Forgiveness – Part 2

(August 2003 – Volume 9, Issue 8)  WHAT TO DO IF FORGIVENESS IS NOT POSSIBLE Racing through our minds at this point may be all the situations in which forgiveness, in the sense described in our previous paper, is not possible. The first scenario concerns a believer, who, despite all of our efforts in compliance with Scripture, refuses to seek forgiveness. The biblical course of action, according to Matthew 18:15-20, would be church discipline. We cannot forgive this person because to do so is a promise to no longer recognize this sin as a barrier between us and them – when clearly the sin is still on the table. A person who has a heart filled with vengeance, bitterness, or resentment, isn’t ready for forgiveness because he is holding onto his sins refusing to confess and forsake them. For such a person the process of church discipline may be necessary....

Forgiveness – Part 1

(July 2003 – Volume 9, Issue 7)  There is no greater blessing than forgiveness. First and foremost, we need the forgiveness of God because we are sinners. God sent His Son to die on the cross in order that we might obtain this forgiveness. Secondly, many are in great need of giving and receiving forgiveness on a human level. It is this second subject that will be the object of this study. Many are confused concerning forgiveness largely because secular, humanistic ideas and theories, contrary to Scripture, have been widely accepted as truth. Even Christians often buy whatever the world is selling at the moment, attempt to commingle it with some biblical principles and sanctify it with a few out-of-context passages of Scripture. The result is a strange assortment of ideas and philosophies that fall far short of the truth. Christian literature abounds with such unbiblical concepts as forgiving ourselves...

Fear

(May 2003 – Volume 9, Issue 5)  A salesman driving on a lonely country road one dark and rainy night had a flat. He opened the trunk – no lug wrench. The light from a farmhouse could be seen dimly up the road. He set out on foot through the driving rain. Surely the farmer would have a lug wrench he could borrow, he thought. Of course, it was late at night – the farmer would be asleep in his warm, dry bed. Maybe he wouldn’t answer the door. And even if he did, he’d be angry at being awakened in the middle of the night. The salesman, picking his way blindly in the dark, stumbled on. By now his shoes and clothing were soaked. Even if the farmer did answer his knock, he would probably shout something like, “What’s the big idea waking me up at this hour!” This...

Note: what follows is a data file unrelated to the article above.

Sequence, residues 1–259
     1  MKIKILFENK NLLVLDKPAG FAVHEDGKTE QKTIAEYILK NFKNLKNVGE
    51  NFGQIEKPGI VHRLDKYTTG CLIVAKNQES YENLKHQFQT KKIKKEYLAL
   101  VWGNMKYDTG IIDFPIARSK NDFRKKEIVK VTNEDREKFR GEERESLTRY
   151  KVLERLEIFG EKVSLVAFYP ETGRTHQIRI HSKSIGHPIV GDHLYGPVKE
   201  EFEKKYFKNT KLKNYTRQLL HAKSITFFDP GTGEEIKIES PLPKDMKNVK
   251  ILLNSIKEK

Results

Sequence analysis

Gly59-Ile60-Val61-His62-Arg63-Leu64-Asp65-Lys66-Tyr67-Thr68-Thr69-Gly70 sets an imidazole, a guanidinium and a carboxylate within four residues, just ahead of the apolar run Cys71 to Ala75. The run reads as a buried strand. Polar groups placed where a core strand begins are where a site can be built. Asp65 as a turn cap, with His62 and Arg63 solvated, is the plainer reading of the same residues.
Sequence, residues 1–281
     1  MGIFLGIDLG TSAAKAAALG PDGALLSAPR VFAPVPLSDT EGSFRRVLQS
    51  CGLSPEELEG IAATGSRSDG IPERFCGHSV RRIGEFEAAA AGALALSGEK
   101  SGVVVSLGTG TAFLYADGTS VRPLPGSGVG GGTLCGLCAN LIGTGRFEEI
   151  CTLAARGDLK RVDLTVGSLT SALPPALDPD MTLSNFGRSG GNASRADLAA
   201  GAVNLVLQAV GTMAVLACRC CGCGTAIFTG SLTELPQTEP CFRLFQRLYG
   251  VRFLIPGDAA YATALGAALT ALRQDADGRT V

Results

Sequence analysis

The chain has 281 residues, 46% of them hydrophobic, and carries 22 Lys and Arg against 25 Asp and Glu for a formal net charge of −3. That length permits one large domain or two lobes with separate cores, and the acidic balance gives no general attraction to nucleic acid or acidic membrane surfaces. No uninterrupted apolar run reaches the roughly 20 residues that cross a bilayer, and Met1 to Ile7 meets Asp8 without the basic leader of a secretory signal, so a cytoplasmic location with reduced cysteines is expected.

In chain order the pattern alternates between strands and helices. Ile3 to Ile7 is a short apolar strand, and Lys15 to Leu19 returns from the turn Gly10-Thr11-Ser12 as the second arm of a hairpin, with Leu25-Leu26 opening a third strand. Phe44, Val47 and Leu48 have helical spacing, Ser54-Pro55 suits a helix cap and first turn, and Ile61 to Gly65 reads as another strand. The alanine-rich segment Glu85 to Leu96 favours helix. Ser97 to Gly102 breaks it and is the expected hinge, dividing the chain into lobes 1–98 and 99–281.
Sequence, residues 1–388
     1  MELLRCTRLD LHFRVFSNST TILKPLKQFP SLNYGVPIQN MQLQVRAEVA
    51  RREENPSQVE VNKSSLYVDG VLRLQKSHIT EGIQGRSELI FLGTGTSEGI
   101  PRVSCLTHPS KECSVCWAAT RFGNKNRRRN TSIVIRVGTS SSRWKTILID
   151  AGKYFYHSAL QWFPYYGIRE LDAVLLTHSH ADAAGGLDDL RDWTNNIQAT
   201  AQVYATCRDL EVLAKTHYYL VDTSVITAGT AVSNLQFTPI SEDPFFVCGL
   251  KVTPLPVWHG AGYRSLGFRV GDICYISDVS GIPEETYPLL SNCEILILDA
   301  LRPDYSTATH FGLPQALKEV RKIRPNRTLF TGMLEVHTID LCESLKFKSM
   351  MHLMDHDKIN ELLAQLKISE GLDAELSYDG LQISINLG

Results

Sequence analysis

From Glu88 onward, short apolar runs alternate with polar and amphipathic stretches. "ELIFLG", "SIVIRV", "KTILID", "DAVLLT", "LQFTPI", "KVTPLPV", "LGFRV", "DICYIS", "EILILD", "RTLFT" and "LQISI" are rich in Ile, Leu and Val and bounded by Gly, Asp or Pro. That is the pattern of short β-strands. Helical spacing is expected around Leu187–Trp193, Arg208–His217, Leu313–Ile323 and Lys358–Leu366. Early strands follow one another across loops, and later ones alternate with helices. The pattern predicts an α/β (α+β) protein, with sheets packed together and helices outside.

Experiencing God – Part 3

(August 1998 – Volume 4, Issue 7)  In a previous Think on These Things (Vol. 3, Issue 8, 9), we warned of certain errant views and teachings of Henry Blackaby and his book Experiencing God. We were recently surprised when David Hunt dismissed these concerns and threw his weight behind Blackaby. This greatly concerns us since on most issues we stand hand-in-hand with Hunt. More importantly, to many people Hunt’s word is law. Therefore, it is highly conceivable that many of Hunt’s 30,000 readers will uncritically read Experiencing God material and/or attend a seminar on the subject, whereby finding themselves taken in with Blackaby’s brand of mysticism and subjectivity. With all of this in mind, we have decided to write a response to Hunt. The following quote is the complete statement as found in The Berean Call, May 1998. Immediately following will be our response to what Hunt has written....

Experiencing God – Part 2

(November 1997 – Volume 3, Issue 9)  In our last paper we began dealing with the widely popular teachings of Henry Blackaby in his best selling book, Experiencing God. While we are in agreement with many things Blackaby teaches we have grave concerns about his approach and use of Scripture. We challenged him with distortion of Scripture along three fronts. Last time we highlighted his general misuse of the Word of God. In this paper we will examine Blackaby’s neo-orthodoxy and highly mystical view of Scripture. Neo-Orthodoxy The second front along which we want to challenge Blackaby is that of his neo-orthodox leanings. We need to carefully explain what we mean here. We are not saying that Blackaby is neo-orthodox, he would surely deny this handle and he may know very little about the system. However, this does not mean that he has not been influenced by neo-orthodox teachings. I...